The Innviertel artist Josef Brescher is showing 126 drawings with motifs from the Innviertel in the Kunsthaus Obernberg from today. “More Innviertel is not possible,” he says. And anyone who walks along the almost endless series of ink drawings and graphics and looks at the exhibition will agree with him. The exhibition entitled “No beautiful country” is a focused look at distinctive and formative elements of the region that are in danger of being endangered. “I trace the magic of former splendor that is quietly disappearing,” says Brescher.
“No old peasant glory”
There are old houses, old courtyards, relics of earlier years that Josef Brescher has depicted in ink drawings, colored with self-made sepia. “This retro charm has a special appeal, but is not intended to emphasize old peasant grandeur,” says Brescher. He is much more interested in showing the history of these houses, which in many cases has already ended. “Some of these buildings are no longer standing, they have collapsed or been demolished.”
The cultural treasure on the meadow
The drawings are based on sketches that Josef Brescher made on the spot of these houses, barns or courtyards. “They are deliberately sketch-like, technically reduced, but still rich in detail. I didn’t want to slip into the abstract. The works are like drawn impressionism,” says Brescher.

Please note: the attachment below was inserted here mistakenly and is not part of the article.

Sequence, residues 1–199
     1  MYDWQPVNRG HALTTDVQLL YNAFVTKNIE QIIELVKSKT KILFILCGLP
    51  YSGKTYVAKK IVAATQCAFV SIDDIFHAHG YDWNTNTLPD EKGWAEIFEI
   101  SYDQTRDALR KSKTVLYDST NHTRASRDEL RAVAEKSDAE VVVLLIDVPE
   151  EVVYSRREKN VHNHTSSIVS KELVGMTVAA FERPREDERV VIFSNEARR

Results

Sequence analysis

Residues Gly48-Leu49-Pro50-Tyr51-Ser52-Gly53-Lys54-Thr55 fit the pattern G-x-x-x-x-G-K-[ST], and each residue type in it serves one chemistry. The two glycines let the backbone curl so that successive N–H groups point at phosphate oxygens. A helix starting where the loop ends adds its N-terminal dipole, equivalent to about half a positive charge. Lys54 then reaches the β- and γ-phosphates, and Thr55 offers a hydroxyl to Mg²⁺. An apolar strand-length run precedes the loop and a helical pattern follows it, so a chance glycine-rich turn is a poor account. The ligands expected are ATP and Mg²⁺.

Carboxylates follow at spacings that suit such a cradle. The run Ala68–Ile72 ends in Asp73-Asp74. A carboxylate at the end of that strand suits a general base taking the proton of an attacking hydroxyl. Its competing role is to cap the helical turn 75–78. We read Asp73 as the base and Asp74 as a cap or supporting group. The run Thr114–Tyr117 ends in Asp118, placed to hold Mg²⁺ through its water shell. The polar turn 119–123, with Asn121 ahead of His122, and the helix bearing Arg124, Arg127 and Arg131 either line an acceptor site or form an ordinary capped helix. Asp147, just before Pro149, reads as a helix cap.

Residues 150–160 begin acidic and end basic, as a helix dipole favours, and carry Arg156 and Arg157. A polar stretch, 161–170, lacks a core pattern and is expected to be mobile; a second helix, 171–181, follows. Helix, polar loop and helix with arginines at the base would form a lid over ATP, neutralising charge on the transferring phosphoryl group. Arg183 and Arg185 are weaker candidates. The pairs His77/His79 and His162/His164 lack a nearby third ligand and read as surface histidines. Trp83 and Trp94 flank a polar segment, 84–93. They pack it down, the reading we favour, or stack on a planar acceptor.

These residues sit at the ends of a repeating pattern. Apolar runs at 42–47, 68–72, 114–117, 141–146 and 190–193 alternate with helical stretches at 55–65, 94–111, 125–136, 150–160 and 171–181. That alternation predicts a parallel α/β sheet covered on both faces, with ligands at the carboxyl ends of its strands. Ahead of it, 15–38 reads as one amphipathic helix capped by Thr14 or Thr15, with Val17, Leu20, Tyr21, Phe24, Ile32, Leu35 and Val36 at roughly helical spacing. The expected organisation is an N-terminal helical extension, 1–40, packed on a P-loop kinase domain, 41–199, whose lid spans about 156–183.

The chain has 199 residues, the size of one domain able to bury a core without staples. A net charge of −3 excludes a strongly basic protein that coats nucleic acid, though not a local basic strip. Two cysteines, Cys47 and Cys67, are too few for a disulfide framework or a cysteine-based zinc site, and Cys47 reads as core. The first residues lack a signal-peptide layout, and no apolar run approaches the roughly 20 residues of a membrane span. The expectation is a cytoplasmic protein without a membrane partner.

It is “the immediacy of the drawing” that made this artistic work so appealing to him, says Brescher and explains: “Landscape, object and artist enter into a relationship when drawing. The art has the task of bringing out the character of each one in a concentrated way.” The choice of his motifs is “an appreciation for all these houses”. “It’s a state-of-the-art of things that make up the area. I show cultural treasures that are in the meadow.” The question arises: “What are we going to do with this, our country? Is it just a resource to produce energy or food?”
- Exhibition: “No beautiful country”, ink drawings of endangered beauty in the Innviertel, by Josef Brescher. Opening of the exhibition: Friday, March 3rd, 7.30 p.m. On view until April 2nd. Open Saturday and Sunday from 2pm to 6pm, March 25 from 10am to 6pm.